“They’re doing okay but you think about it, too, the starting five all played here last year. The first sub is Nate (Britt) so that means the first six guys. Then if it’s a big substitute it’s Tony (Bradley), so Tony’s the only one it’s new to. So I think that every year the veterans get better at doing something, and I still have the same beliefs. We change some drills, but not a lot. I see a high school team practice and I changed the way we did a close-out drill just because of the way I say it in a high school. My defensive philosophy hasn’t changed a lot.”

How battle-tested is your team right now?
“We’ve had two true road games at Tulane and at Hawaii and that’s not what we want to face tomorrow night, to say the least. One good thing is we’ve played seven games and only two in our building. So after tomorrow night our first eight games and only two have been at home, so I like that part that we’ve been tested not with our crowd getting us going. But playing Indiana at Indiana and they’re having the reunion or celebration of the ‘81 national championship so they’re bringing those guys back, it’ll be a different animal. They’re a team that’s played great basketball, I’ve seen two of their games – one on tape and one I just watched because I wanted to watch part of it. When they played Kansas that was a war and we haven’t had any battles like that. I think we’ll have to see if we get something there.”

Do you feel like Kennedy (Meeks) is starting to turn a corner?
“Kennedy’s last game was the best that he’s played, in my opinion, since he’s been here for a total game. His defensive rating was good, he rebounded, he scored inside, he made one bad decision on a length-of-the-court pass, but I thought he played really well… For Kennedy I don’t know what to expect from the first half of practice to the second half. I did congratulate him because I’ve been on his case pretty hard because I need him to be a better player. He had one stretch in the last game last year and the first game this year where he’s 5-19 or 5-20 or something like that.”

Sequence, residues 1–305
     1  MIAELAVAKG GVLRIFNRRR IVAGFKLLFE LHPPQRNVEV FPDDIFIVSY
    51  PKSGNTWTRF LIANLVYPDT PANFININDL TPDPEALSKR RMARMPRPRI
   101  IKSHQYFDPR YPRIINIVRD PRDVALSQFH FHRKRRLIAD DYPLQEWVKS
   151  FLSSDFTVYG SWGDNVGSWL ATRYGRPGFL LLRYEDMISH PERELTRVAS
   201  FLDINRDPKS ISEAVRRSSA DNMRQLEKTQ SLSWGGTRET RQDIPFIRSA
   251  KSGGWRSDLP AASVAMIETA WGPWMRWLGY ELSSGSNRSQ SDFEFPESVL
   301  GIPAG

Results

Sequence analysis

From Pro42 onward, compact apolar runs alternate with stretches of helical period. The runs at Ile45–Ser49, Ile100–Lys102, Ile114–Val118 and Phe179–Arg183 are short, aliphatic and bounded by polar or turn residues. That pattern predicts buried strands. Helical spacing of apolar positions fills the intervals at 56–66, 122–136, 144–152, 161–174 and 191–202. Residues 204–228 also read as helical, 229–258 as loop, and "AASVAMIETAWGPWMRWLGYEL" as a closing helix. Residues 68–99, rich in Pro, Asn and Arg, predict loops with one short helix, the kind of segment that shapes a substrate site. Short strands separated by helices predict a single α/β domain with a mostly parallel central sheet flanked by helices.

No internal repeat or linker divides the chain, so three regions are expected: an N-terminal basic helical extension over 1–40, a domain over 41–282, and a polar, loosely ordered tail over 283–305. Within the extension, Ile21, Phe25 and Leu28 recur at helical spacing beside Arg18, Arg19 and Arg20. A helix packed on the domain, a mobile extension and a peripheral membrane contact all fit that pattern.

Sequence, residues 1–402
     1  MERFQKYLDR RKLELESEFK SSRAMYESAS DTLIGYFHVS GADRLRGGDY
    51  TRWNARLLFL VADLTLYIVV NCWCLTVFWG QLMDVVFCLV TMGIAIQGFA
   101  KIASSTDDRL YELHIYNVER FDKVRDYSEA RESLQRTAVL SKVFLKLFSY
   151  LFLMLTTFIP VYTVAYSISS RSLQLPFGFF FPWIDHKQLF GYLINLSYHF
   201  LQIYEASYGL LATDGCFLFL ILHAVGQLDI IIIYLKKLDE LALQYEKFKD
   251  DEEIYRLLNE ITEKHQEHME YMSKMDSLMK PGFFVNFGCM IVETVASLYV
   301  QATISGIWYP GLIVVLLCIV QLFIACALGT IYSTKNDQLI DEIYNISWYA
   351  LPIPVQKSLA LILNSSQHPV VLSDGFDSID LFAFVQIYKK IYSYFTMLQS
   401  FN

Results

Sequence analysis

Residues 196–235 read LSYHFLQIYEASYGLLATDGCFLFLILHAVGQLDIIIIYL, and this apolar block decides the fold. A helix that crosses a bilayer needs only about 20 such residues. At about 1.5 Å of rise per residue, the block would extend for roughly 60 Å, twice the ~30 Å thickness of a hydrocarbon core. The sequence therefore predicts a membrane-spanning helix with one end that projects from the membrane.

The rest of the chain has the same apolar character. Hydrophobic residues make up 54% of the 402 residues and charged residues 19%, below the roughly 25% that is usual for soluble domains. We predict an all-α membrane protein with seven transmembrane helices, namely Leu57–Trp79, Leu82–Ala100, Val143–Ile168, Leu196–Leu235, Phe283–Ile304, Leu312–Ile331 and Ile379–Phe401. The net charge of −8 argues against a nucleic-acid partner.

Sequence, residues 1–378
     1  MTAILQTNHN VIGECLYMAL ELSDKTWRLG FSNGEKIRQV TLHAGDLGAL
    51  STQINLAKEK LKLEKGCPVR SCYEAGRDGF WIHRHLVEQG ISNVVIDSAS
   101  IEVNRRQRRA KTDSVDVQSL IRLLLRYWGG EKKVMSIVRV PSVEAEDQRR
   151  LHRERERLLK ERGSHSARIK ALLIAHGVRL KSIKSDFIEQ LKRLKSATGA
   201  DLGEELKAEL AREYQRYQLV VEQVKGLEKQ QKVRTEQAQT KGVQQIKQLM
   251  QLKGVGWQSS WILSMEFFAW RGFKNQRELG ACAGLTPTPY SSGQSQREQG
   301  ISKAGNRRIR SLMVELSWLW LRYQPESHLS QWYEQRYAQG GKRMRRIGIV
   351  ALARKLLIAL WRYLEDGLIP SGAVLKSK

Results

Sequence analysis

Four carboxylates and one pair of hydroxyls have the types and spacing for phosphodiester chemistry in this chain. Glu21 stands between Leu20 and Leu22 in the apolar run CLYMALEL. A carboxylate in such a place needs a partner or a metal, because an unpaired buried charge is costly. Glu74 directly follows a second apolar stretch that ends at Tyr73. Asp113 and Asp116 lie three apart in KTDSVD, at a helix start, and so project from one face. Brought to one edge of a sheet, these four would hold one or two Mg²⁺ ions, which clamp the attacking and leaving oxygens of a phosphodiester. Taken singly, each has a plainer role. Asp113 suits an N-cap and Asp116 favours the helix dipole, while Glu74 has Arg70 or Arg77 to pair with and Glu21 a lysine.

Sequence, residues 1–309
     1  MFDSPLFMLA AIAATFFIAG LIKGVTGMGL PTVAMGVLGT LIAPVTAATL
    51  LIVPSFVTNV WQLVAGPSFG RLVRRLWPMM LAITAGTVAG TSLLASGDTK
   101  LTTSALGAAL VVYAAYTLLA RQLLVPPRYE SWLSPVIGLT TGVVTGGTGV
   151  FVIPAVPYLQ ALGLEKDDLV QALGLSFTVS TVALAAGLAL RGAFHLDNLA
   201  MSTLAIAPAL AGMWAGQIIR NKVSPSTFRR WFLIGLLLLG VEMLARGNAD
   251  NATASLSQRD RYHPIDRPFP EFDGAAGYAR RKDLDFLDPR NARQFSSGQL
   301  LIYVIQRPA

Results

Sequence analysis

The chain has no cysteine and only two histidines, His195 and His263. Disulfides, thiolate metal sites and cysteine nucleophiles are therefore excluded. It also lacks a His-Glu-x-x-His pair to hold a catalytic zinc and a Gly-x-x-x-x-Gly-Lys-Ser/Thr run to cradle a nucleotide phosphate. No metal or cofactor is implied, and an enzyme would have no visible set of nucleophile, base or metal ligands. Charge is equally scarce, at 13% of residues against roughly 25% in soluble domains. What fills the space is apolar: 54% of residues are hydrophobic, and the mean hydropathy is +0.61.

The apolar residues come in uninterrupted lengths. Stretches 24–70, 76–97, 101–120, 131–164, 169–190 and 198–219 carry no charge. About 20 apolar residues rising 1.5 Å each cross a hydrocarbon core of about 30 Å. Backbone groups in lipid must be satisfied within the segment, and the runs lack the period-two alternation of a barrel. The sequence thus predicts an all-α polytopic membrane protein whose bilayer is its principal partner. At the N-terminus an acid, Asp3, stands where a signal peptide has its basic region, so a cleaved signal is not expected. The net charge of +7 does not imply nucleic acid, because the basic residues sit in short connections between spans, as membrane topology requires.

Do you think it’s been a mental thing for Kennedy, health, or it just being his senior year?
“It’s early, but think about this: If I was going to try and get in anybody’s brain and try to figure out what in the dickens they were thinking it wouldn’t be Kennedy’s. Let's get something straight here. My best friend is the weirdest dude I’ve ever been around and he said, ‘People try to figure me out and they’re only going to mess their own brain up.’ I’m definitely not going to try and figure out what Kennedy’s thinking. In his last game, he was something else. He needs to be that tomorrow night and Sunday and then we’ll really have something.”

Where do you stand on the ACC-Big Ten Challenge?
“Oh it’s part of a bigger picture. When they say we went from 16 to 18 games, that’s not true. We went from 17 to 19 and now when they say we’re going from 18 to 20 we’re going from 19 to 21. That’s what it is. They’re not going to get rid of it, it’s their highest rated series. I keep thinking I want the regular season to mean more. I could not imagine right now what I’d be thinking if I was a Penn State football coach… When TV or other people decide who gets to play, I don’t like that. I’d like to play 16 conference games and keep playing three or four national opponents, but you keep adding all the conference games. No way in Hades I’m going to keep playing Kentucky, Connecticut, Arizona, UCLA because it’s just silly… It’s great for TV but I think in the long term it’s taken away some big matchups.”